In campaigns, the worst wounds are often self-inflicted. Witness two A+ political operatives I know who made D- mistakes last week.
Julie White, who works for gubernatorial candidate Richard Moore, got caught using a state computer to request public-records info on Lt. Beverly Perdue. Plus, as the News & Observer’s Under the Dome has chronicled, she made the request under the name of a relative, Cliff Bennett.
The result was an unnecessary embarrassment to Moore – and to White. She could have boldly made the request under her own name.
Then it turns out she’s working part-time for Moore in the State Treasurer’s Office and part-time on the campaign. Uh-uh, that won’t work. Do one or the other.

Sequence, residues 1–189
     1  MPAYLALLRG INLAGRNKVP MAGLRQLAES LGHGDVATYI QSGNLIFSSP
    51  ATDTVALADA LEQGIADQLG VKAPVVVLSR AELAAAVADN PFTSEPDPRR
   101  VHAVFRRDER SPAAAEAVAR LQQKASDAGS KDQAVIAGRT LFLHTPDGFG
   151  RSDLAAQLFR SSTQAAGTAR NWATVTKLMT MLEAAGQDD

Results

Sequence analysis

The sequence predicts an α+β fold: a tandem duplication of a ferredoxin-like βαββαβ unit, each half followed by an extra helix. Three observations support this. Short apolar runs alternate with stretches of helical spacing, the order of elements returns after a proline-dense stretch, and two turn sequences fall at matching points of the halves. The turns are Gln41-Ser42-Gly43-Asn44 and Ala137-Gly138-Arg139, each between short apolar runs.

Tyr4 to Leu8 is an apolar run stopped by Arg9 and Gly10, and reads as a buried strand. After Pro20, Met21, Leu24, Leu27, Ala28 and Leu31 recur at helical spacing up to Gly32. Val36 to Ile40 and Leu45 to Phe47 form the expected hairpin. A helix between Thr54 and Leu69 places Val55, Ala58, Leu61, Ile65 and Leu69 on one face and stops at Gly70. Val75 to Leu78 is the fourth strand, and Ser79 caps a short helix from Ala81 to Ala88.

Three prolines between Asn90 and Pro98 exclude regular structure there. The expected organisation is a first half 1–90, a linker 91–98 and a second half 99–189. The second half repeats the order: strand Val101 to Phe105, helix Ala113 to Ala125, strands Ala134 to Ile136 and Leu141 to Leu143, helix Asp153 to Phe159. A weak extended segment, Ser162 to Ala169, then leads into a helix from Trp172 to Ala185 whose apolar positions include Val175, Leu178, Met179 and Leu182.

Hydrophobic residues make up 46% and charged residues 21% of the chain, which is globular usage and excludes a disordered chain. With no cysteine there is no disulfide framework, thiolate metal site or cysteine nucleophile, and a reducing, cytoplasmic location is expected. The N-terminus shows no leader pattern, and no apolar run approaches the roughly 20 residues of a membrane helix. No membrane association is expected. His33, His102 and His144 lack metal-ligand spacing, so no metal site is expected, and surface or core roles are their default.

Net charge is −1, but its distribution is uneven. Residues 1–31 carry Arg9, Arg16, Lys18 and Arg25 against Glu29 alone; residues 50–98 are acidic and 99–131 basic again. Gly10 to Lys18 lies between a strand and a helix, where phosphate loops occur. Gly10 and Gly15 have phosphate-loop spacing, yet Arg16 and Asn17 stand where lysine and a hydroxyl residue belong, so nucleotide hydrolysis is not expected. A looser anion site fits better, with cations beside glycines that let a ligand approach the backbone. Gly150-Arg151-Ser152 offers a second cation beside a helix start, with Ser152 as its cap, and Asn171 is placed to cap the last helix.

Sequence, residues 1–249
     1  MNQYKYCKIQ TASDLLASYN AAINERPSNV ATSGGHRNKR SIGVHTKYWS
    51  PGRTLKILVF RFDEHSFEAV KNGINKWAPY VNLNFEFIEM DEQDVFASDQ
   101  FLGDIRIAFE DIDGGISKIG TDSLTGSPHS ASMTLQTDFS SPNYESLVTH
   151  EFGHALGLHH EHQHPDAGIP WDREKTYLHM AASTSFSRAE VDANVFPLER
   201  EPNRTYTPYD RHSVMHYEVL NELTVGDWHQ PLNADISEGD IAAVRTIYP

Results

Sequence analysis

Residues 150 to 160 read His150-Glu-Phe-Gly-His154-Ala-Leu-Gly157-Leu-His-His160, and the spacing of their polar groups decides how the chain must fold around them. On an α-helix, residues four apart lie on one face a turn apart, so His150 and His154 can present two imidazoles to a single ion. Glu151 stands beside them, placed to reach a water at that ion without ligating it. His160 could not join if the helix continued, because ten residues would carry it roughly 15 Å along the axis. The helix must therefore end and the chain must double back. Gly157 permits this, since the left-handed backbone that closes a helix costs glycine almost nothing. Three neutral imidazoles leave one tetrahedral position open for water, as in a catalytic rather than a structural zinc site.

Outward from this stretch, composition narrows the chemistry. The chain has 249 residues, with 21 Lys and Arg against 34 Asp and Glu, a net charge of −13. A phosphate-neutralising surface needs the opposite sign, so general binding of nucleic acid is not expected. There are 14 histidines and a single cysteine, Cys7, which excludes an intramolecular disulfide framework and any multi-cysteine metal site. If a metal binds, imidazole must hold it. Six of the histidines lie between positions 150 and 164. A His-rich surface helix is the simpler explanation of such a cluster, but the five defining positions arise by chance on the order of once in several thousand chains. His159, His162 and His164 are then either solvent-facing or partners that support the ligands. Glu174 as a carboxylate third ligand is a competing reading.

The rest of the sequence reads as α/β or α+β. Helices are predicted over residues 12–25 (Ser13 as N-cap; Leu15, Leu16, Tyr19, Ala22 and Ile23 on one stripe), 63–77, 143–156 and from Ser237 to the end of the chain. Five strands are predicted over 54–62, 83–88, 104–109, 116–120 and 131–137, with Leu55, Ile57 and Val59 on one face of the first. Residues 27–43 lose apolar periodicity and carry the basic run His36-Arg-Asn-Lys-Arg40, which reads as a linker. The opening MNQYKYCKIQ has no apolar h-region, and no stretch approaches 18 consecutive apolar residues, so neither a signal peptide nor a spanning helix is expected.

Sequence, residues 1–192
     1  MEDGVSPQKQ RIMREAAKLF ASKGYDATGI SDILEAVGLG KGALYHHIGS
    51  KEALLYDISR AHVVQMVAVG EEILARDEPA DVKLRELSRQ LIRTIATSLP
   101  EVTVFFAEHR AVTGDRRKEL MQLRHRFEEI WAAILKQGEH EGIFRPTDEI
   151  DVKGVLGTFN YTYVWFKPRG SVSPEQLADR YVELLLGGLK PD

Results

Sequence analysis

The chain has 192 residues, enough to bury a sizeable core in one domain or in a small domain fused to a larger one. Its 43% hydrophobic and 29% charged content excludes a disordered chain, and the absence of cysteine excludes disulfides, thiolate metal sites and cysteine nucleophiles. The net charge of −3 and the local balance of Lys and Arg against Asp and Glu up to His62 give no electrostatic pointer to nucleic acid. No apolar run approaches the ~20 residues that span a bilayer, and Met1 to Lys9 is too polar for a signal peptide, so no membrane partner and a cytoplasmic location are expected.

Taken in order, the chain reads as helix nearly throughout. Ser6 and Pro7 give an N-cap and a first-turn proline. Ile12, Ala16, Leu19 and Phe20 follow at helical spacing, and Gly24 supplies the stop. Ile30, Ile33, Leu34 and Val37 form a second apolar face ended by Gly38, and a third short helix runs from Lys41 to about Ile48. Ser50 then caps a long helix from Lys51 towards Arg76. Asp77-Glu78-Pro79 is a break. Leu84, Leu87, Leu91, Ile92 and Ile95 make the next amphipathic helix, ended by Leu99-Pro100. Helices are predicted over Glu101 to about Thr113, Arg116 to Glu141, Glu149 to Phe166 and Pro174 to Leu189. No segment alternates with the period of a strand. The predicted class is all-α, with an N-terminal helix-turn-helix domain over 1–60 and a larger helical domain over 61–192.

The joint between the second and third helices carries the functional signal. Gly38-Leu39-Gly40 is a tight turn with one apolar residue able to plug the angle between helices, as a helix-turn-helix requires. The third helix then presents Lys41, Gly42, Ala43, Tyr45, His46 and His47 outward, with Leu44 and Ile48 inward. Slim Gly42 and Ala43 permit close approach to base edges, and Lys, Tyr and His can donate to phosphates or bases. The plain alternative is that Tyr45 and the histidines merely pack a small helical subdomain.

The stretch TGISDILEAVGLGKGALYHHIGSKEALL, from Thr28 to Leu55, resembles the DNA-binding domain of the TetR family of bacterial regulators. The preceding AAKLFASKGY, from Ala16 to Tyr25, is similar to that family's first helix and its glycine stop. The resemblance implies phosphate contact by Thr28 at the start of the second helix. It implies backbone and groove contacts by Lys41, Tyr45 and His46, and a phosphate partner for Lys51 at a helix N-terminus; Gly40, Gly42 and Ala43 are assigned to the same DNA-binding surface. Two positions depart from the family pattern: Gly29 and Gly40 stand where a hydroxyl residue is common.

The other operative is Matt Spence, who was working for John Edwards in New Hampshire. He bashed local politicians as “three losers and a lobbyist” in an internal email. Then Spence learned there is no such thing as an internal email. The emails were leaked – or hacked, the Edwards campaign says – and published. Spence had to resign.
White was in Dennis Wicker’s office when I worked with Wicker in 2000. Spence was in a class I taught at N.C. State. Both are extremely smart, highly dedicated and extraordinarily hard-working. Having made my share of mistakes as a hot-headed operative, it pains me to see them learn a painful lesson.
Here’s the lesson: There are no secrets in politics. Anything you do may be on the front page tomorrow – or in the Dome blog. Act accordingly. And, most of all, keep your head when all around you are losing theirs.
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